How to Respond to a Data Breach
The question isn't if your company will be the victim of a data breach, but when. Those were the sobering words of Martin Einstein, senior partner at Brann & Issacson, a law firm that represents online and multichannel companies, at the American Catalog Mailers Association's (ACMA) Forum last week in Washington, D.C. Einstein addressed the crowd of direct marketers on what they can do to mitigate their risk and exposure to a data breach, as well as how best to respond in the unfortunate event that a breach does occur.
Citing recent examples of high-profile data breaches involving Target, Home Depot and TJX Companies (parent company of T.J. Maxx, Marshalls, HomeGoods, Sierra Trading Post), Einstein noted that there's no federal law governing data security. There are 47 individual state laws that retailers need to be in compliance with, and nexus is not a defense. You need to be in compliance with the privacy laws of where your customers live, not just the state where your company is headquartered.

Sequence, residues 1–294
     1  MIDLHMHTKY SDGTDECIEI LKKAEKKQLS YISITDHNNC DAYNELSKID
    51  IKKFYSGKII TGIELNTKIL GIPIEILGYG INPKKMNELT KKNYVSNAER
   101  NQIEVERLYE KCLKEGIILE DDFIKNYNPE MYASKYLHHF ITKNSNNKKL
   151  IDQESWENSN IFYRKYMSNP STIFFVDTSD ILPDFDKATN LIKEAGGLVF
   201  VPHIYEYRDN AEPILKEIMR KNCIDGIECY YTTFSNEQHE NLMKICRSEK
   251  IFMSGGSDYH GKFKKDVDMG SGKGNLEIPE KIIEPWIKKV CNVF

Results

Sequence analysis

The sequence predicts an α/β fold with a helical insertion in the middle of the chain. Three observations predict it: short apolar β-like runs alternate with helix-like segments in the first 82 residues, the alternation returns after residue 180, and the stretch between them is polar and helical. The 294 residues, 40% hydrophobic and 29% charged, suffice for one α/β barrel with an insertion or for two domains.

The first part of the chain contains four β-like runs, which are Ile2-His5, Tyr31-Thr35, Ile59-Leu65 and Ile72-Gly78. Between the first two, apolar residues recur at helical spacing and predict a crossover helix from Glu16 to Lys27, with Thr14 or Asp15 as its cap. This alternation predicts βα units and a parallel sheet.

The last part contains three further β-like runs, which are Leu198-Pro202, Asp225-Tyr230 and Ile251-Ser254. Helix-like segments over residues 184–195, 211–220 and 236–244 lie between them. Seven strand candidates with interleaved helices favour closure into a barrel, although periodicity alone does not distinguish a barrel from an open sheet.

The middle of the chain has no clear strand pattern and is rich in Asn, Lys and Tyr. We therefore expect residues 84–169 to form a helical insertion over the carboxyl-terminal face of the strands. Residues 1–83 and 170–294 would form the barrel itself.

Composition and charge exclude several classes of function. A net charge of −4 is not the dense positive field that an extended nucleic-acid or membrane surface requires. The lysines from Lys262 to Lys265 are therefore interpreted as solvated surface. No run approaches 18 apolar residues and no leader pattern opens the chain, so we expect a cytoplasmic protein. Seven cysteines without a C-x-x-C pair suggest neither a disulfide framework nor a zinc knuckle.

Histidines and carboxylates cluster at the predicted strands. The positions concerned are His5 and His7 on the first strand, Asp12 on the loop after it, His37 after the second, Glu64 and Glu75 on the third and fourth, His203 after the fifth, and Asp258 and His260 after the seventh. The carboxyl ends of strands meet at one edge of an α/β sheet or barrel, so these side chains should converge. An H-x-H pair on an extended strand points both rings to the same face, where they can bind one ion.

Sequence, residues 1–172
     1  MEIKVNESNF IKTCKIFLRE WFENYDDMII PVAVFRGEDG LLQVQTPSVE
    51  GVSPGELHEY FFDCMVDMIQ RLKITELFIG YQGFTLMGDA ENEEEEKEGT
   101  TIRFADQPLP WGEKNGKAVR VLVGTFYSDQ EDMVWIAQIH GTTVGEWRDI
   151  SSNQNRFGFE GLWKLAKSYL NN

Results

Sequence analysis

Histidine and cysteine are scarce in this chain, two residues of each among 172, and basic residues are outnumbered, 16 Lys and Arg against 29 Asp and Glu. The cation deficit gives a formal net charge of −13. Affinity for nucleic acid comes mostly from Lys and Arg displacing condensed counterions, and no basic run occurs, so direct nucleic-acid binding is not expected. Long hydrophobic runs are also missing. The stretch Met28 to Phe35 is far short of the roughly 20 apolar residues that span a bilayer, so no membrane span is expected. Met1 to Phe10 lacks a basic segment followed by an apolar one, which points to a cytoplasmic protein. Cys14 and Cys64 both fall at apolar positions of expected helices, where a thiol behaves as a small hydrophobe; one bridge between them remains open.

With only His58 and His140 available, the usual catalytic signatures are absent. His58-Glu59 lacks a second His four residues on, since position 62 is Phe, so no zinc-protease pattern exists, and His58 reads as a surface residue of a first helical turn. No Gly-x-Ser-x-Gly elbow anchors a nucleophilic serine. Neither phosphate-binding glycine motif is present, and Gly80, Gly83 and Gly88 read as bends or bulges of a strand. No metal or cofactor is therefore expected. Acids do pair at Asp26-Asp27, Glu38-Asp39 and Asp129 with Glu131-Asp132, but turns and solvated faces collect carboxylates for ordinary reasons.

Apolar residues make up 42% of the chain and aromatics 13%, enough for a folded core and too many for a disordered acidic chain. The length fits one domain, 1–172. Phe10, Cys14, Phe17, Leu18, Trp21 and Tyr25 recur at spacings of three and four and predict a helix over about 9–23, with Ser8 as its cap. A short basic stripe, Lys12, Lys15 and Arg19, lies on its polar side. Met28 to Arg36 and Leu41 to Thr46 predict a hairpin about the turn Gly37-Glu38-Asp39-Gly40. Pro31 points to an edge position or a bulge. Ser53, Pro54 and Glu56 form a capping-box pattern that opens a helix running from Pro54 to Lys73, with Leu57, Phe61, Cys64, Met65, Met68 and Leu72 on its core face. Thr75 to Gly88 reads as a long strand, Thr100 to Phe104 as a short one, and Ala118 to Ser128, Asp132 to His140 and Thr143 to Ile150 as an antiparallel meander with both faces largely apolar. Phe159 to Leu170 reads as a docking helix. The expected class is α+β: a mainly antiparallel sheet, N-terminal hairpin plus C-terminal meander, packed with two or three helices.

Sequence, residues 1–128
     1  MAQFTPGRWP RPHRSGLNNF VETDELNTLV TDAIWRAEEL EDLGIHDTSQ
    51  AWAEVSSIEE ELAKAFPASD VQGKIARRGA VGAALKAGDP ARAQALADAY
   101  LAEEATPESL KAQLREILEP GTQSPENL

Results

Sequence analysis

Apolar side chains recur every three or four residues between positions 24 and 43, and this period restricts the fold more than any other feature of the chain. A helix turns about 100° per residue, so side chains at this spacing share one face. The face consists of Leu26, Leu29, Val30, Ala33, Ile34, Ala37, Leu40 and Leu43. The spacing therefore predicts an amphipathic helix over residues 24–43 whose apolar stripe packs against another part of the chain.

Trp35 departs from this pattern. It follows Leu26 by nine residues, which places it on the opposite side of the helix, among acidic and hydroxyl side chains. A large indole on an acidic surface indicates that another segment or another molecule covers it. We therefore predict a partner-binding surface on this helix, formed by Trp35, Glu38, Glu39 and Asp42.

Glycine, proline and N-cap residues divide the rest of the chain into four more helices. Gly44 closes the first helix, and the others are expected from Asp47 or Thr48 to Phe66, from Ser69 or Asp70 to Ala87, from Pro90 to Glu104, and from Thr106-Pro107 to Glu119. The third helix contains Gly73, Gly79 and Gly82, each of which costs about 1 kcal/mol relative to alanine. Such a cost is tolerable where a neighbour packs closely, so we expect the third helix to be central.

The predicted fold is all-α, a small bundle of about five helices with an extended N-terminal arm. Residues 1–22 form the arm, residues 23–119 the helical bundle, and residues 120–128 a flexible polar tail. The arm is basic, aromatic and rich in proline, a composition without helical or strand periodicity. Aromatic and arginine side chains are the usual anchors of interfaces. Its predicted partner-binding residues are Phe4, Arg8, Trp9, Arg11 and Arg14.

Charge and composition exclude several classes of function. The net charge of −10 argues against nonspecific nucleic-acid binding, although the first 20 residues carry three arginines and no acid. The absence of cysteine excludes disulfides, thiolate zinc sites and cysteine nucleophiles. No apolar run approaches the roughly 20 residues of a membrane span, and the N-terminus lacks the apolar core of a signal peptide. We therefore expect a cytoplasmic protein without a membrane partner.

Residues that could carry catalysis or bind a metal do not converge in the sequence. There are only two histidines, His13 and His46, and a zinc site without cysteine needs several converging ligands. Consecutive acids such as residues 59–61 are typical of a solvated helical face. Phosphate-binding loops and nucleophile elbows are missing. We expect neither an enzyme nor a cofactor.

Where it becomes tricky is that there's no uniformity across the state laws, Einstein noted. For example, in Massachusetts retailers can not describe the nature of a breach when notifying the state's attorney general and affected customers, yet in Maryland the law says that retailers must describe the nature of the breach when notifying the state's attorney general and affected customers. To help with the confusion, Einstein suggested that retailers have a templated letter ready to go for each state (with inserts for common info). State laws also differ in many cases around notification requirements - timing, method (email, mail), what constitutes "personally identifiable information," etc.
Costs of a Data Breach
A data breach can take a tremendous financial toll on your business. Here are just some of the costs associated with a breach identified by Einstein: